Many employees displaced by the coronavirus have adjusted to working from home but research suggests their expectations on what a workplace should look like will have shifted when they do head back to an office. A study by research firm Gartner found that an increase in remote-working employees and under-utilization of existing office spaces due to the COVID-19 pandemic will trigger a need for smart, wellness-equipped office spaces in the future.

“Due to COVID-19, many offices remain unoccupied or underutilized as employees choose to work remotely,” says Gavin Tay, research vice president at Gartner. “However, once lockdowns ease, employees planning to return to the office will have heightened concerns about personal health and safety. Offices that have been turned into smart, wellness-equipped spaces make employees feel safer.”

Gartner predicts that by 2022, 60 percent of hybrid workers will prioritize a wellness-equipped smart office over a remote office. It expects that strategies that focus on facilities modernization, more agile work environments and the value of employee experience will shape demands in smart workspace technologies.

The company suggests that to build a wellness-monitored office, application leaders can start by initiating the use of integrated workplace management systems (IWMS) solutions that see to the health and safety of employees. IWMS and resource scheduling applications (RSAs) that use artificial intelligence and the Internet of Things (IoT), including motion sensors and beacons, can remind employees to adhere to social distancing rules based on their whereabouts. Businesses can also keep ahead with contact tracing and promote the use of virtual personal assistants (VPAs) as wellness coaches.

Organizations should not only augment existing hygiene policies with thermal imaging systems but also invest in systems that monitor air quality in real time and keep employees informed. Additionally, features that provide the ability to continuously disinfect, improving air quality by reducing airborne and surface contaminants like viruses, bacteria, germs, volatile organic compounds, smoke and other allergens will be important. Ultimately, Gartner notes, cleaner air allows for improved recycling of air, which will contribute to energy-saving benefits as well as make the workplace healthier.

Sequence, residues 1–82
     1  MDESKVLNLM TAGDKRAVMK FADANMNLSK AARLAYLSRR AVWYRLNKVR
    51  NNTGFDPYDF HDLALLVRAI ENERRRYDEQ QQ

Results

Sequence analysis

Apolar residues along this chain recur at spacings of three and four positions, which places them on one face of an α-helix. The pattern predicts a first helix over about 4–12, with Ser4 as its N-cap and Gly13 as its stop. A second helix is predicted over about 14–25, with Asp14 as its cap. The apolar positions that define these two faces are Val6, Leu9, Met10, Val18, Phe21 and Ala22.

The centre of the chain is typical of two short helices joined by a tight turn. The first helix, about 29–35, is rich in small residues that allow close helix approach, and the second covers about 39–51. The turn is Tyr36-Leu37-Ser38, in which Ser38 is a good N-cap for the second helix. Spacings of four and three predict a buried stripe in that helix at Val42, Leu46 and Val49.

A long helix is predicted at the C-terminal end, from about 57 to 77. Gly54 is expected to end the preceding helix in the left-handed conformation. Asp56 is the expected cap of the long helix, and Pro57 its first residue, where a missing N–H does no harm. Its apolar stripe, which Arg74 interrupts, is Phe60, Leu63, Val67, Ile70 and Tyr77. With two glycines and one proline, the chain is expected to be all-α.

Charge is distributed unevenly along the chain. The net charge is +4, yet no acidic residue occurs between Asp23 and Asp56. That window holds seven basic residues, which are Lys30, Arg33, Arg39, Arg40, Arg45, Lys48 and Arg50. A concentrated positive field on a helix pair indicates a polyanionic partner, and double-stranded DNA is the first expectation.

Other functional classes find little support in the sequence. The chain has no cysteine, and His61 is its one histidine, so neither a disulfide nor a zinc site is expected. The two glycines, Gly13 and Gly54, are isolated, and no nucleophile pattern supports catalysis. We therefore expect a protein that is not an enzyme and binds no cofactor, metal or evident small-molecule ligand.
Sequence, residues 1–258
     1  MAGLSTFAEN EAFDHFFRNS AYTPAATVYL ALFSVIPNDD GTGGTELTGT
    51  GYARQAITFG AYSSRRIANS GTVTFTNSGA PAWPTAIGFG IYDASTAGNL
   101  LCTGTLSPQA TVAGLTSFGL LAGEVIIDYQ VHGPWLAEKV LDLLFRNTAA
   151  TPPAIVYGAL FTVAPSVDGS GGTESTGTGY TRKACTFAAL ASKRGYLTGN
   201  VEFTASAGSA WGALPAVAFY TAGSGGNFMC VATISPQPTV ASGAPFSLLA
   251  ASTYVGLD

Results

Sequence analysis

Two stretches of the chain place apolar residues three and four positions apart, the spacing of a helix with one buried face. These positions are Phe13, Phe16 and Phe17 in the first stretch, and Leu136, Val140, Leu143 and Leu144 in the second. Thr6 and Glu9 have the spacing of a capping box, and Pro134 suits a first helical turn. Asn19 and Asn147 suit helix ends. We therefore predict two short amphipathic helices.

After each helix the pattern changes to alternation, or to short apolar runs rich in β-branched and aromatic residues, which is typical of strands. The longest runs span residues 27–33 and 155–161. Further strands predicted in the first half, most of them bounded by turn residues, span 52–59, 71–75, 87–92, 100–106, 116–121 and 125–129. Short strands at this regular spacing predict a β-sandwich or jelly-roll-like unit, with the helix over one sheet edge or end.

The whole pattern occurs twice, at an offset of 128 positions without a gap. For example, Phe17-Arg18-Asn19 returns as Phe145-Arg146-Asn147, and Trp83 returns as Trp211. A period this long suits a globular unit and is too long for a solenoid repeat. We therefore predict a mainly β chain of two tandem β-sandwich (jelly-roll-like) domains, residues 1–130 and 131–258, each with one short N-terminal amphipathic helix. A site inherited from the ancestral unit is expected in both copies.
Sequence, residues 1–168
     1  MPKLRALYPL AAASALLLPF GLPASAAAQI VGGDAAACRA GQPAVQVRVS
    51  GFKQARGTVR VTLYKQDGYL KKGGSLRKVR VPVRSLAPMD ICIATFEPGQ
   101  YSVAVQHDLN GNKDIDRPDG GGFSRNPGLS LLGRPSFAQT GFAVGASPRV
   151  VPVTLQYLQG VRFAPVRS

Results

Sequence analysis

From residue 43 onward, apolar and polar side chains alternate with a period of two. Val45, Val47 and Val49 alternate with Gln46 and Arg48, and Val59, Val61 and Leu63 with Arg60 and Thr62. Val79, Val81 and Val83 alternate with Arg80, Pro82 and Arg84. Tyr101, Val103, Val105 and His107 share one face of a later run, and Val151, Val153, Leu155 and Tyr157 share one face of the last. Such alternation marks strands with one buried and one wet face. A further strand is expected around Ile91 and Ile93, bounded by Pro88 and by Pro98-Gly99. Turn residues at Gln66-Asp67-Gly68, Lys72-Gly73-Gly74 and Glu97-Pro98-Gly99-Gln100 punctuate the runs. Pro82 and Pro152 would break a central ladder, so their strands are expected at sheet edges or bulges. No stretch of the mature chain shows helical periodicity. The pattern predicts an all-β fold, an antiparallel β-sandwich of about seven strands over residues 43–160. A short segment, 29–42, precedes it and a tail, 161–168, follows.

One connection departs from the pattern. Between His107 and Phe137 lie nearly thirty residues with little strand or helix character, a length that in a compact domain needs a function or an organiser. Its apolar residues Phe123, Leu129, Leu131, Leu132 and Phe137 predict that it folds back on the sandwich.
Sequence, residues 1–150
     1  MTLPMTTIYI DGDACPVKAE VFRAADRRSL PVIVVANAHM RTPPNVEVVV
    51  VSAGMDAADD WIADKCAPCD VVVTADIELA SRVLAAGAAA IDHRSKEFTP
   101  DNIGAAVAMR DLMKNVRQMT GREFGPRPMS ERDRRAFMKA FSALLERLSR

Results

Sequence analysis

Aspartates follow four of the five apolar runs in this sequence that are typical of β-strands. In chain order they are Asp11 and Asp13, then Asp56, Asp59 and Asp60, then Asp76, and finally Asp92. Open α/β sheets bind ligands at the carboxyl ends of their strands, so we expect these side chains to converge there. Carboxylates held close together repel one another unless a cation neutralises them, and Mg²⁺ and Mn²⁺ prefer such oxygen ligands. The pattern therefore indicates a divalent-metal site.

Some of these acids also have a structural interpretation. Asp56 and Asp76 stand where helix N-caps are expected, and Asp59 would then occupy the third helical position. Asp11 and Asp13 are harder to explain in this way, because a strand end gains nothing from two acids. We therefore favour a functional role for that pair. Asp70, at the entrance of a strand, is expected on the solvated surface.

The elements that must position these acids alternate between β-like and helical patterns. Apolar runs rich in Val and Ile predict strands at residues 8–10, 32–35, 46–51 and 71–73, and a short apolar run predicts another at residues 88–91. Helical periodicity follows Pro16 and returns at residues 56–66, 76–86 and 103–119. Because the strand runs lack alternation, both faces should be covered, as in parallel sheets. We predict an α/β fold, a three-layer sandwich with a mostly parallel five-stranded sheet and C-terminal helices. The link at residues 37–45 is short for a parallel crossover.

Converting empty “ghost offices” into 24/7, healthy, co-working spaces also presents opportunities to organizations. While doing so does require added costs, it can be an important first step in a mitigation plan—allowing organizations to recoup some of their losses during a partial, phased or full reopening. Employees who do not want to work remotely or who lack a good work environment at home will be the first people to benefit from converted offices. Opening such facilities to remote workers from outside of the organization can present additional revenue opportunities, helping to recoup losses.

“Organizations can offer empty office spaces to co-working vendors, pitching them as smart and sustainable, healthy office spaces that can be managed with technologies and tools,” says Rashmi Choudhary, principal research analyst at Gartner. “After creating healthy co-working spaces out of the loss-bearing corporate real estate, remote workers with difficult work environments can use these office spaces. Booking co-working spaces whenever required through resource scheduling applications will become a convenience.”